It doesn't take long after sin enters the world for its effects to show. After Adam and Eve are expelled from the garden, Cain is overtaken with jealousy towards his brother, Abel. Cain allows sin to master him, despite God's explicit warning, and he murders Abel. When God asks Cain where Abel is, Cain's famous response is, "Am I my brother's keeper?" But perhaps being your "brother's keeper" is critical to living in a way that fits with how God wants society to look. Christ affirms that the second-greatest (or is it second, greatest?) command is to "love your neighbor as yourself," and gives a broad definition of "neighbor" in the parable of the Good Samaritan. Not only are we our brothers' keepers, but we are also responsible to be neighbors to many others who cross our paths.
Plantinga points out that there are two ways of sinning towards our neighbors in two chapters labelled "Attack" and "Flight." The attack side seems prominent in James 2:8-13
8If you really fulfill the royal law according to the Scripture, "You shall love your neighbor as yourself," you are doing well. 9But if you show partiality, you are committing sin and are convicted by the law as transgressors. 10For whoever keeps the whole law but fails in one point has become accountable for all of it. 11For he who said, "Do not commit adultery," also said, "Do not murder." If you do not commit adultery but do murder, you have become a transgressor of the law. 12So speak and so act as those who are to be judged under the law of liberty. 13For judgment is without mercy to one who has shown no mercy. Mercy triumphs over judgment.
It's not too difficult to see that active partiality, adultery, murder, as well as other actions like gossip, lies and slander and the expression of attitudes like envy, jealousy and bitterness SCREW THINGS UP. To please God, we must not do these things.
But many people use the fact that they don't do these things to argue that they are good people, who are far enough away from the evil end of the scale that God must be pleased with them, and surely couldn't be angry. Is there something more to loving your neighbor? Plantinga explains in the next chapter how "Flight" disrupts shalom. When we are apathetic, or when we intentionally avoid or ignore situations where people are suffering from the consequences of sin, we're still in violation of the great command to love our neighbors. James hits on this concept as well on the next section of the papyrus:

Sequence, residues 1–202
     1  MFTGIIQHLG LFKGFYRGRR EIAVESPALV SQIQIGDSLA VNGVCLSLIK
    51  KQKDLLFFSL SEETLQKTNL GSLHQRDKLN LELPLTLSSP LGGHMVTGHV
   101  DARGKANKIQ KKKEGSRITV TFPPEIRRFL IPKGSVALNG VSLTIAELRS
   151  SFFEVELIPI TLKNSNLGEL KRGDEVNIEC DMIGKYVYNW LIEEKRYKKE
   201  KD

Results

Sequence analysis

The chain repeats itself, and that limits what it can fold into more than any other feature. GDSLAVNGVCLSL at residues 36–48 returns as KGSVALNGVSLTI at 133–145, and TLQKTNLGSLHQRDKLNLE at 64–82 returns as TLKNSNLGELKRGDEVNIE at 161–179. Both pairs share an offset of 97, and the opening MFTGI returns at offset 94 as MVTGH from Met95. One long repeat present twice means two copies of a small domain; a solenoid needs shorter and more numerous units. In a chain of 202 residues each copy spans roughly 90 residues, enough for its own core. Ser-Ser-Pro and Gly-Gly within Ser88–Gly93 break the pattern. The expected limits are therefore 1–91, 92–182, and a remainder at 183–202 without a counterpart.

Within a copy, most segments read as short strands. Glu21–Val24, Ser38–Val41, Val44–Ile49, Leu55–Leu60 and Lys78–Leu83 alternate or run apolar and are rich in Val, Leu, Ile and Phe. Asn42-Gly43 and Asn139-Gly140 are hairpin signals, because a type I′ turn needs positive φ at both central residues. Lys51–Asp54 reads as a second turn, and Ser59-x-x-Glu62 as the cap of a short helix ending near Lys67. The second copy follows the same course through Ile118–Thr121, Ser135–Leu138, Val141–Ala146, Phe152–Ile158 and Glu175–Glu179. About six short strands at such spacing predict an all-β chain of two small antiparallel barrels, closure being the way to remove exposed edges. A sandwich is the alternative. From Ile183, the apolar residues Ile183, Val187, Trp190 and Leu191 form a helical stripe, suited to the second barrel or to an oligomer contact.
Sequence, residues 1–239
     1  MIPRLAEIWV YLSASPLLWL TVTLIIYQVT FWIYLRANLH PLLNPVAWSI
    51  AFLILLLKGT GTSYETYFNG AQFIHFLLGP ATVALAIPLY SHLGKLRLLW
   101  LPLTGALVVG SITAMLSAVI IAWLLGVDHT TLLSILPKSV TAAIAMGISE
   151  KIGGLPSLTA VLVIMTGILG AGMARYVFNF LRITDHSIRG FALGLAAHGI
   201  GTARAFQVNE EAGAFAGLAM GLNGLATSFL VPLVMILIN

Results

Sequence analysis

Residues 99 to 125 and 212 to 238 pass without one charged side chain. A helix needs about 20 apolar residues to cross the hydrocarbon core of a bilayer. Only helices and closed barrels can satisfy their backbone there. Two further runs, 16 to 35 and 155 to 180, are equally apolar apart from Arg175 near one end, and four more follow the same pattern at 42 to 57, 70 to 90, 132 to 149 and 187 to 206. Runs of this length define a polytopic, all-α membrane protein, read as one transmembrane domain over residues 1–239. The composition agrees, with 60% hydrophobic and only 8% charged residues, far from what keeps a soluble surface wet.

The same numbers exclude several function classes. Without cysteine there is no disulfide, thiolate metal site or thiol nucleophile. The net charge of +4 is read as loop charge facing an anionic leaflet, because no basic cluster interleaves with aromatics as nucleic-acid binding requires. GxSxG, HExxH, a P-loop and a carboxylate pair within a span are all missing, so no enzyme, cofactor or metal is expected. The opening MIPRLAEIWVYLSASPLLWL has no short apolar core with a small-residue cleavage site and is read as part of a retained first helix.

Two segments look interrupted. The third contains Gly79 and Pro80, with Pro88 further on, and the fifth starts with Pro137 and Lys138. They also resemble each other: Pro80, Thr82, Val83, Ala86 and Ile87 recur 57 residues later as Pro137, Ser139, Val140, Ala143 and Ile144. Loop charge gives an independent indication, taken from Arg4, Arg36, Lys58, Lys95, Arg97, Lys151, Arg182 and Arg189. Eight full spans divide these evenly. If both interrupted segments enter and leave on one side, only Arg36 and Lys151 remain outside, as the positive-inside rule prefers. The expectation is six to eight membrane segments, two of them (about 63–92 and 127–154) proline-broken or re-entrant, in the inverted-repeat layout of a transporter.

14What good is it, my brothers, if someone says he has faith but does not have works? Can that faith save him? 15 If a brother or sister is poorly clothed and lacking in daily food, 16 and one of you says to them, "Go in peace, be warmed and filled," without giving them the things needed for the body, what good is that? 17So also faith by itself, if it does not have works, is dead.
What does this mean for me and my neighbors? Does it mean that I should interrupt a peaceful evening walk on my day off to go see why those kids in the park are yelling and waving sticks at each other? Does it mean that when a teenager is breaking a glass bottle on the steps of the elementary school I should stop her and bring a broom so she can clean it up? Does it mean I can't just shake my head and condemn society because so many fathers neglect their kids, but I should take the time to be a male role model to a single mother's son? Does it mean I can't just bemoan how parents don't care about their kids education, so the kids fail, but I should take the time to ask a kid how school is going, volunteer to do tutoring, and take them out for ice cream when they get a good report card? Please give me more examples in your comments, my insightful readers. What do we complain about and do nothing about when it comes to the welfare of our neighbors?